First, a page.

• at home (other local businesses that have gone international)
  • abroad

Your networking goals…

  • Network with businesses in your target market. You’ll gather helpful info to use overseas.
  • Find networking options online
  • Attend trade shows at home that might attract foreign contracts

7. Get Focused

If you’re a small business who wants to go international, you won’t be able to take full advantage of every opportunity. That’s okay. Don’t spread yourself too thin. Instead, improve the resources that you have.

You need to focus on…

  • ways to become more cost efficient
  • find less expensive labor
  • discover less expensive materials
  • learn how to create a business friendly environment


  • Keep focused on your goals. Try not to chase after every opportunity that sounds exciting. 

8. Get Your Resources In Place As Soon As Possible

International entrepreneurs often have a common problem. They do not have all the resources that they need in place from the very start.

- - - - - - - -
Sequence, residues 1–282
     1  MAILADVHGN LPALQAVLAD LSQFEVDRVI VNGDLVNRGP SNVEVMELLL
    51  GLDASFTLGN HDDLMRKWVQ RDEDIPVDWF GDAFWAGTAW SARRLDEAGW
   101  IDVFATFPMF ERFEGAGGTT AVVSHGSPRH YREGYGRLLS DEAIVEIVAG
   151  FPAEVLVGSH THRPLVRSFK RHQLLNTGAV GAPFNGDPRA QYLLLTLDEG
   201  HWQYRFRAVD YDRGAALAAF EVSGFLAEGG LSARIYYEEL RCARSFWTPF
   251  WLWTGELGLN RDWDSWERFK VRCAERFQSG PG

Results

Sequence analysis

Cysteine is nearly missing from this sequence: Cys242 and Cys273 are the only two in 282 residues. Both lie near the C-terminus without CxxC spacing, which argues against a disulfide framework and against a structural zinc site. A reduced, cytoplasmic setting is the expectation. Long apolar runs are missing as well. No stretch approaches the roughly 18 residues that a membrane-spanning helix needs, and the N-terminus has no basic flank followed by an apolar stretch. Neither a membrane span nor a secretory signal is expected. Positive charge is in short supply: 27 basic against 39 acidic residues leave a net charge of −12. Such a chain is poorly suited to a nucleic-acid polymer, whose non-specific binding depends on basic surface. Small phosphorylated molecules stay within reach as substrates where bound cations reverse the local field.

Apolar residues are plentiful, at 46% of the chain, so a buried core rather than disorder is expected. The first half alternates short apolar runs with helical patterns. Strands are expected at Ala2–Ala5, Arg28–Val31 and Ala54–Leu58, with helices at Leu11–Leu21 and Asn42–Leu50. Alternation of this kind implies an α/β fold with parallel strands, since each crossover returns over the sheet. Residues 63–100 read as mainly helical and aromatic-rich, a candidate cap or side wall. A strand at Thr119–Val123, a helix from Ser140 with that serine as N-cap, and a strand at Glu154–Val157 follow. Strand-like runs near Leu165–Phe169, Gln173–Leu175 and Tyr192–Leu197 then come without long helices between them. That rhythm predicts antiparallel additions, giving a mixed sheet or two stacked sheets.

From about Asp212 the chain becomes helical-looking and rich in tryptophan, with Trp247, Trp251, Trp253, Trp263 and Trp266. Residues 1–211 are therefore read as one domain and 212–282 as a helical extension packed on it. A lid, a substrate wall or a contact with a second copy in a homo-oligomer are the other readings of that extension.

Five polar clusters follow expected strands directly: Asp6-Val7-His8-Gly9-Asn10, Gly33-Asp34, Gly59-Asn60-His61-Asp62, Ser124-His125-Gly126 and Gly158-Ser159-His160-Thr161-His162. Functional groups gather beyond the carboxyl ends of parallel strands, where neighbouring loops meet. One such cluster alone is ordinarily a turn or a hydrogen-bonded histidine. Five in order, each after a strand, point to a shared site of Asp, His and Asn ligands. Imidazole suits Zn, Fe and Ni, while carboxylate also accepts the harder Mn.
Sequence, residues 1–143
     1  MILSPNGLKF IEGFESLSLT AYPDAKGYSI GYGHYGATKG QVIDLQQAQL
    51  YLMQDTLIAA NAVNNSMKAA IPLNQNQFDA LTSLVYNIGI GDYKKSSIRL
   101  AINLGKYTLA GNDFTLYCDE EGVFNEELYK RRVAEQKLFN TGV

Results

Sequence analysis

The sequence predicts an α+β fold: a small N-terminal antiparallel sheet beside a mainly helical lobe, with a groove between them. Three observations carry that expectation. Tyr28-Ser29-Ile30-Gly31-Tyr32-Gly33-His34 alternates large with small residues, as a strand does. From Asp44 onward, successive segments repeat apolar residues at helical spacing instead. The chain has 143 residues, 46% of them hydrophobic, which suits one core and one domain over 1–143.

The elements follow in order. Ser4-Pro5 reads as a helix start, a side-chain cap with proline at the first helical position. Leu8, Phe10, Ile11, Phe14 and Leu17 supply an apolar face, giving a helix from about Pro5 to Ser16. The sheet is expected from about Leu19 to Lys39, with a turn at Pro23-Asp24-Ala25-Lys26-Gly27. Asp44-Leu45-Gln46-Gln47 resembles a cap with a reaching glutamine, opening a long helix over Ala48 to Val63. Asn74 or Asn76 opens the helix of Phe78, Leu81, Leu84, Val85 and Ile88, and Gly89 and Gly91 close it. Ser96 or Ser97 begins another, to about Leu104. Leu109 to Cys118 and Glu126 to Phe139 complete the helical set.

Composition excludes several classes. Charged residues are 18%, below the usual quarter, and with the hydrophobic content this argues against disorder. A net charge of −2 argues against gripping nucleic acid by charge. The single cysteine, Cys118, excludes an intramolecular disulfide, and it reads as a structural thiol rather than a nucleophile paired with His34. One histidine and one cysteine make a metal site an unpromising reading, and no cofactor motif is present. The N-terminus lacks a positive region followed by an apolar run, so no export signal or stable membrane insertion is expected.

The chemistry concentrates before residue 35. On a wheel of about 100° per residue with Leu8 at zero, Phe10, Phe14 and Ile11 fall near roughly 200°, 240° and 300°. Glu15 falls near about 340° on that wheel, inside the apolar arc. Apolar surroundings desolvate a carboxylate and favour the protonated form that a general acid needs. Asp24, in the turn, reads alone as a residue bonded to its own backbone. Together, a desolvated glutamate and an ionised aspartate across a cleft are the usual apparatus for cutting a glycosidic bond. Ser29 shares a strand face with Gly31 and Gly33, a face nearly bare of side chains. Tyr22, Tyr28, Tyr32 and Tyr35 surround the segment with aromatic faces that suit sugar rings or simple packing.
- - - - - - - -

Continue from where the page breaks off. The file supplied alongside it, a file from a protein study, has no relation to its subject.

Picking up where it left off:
For example…

  • If you discover you have an unreliable supplier, you won’t have alternative places to go. And you’ll experience delays.

If you want your business to go international, you need to plan ahead for all kinds of different scenarios. 

9. Be Prepared For Paperwork

If you’re taking your small business international, remember: Every country has its own set of regulations for businesses.

So, if you’re going international with your business, get ready to fill out piles of paperwork in an organized manner.


  • Set up an organizational system to keep track of any contracts, forms or correspondence. (Make sure this system is easily accessed.)
  • Hire a lawyer who has experience in international business in the country you’re expanding into. (A lawyer will help you to avoid any legal hiccups. And they’ll keep things above aboard.) 

There are Many Benefits to Taking Your Small Business International

If you’re going to expand your business internationally, you could experience major growth and increased profits.

However, for this international expansion to work, you need to…

  • do your homework
  • research everything in advance
  • network – a lot
  • find local contacts who can help you build your customer base
  • create a local staff
  • learn the language
  • get needed resources into place – including back up plans

With some hard work, you can get your business ready for success in a new country. Please know that I’m rooting for you!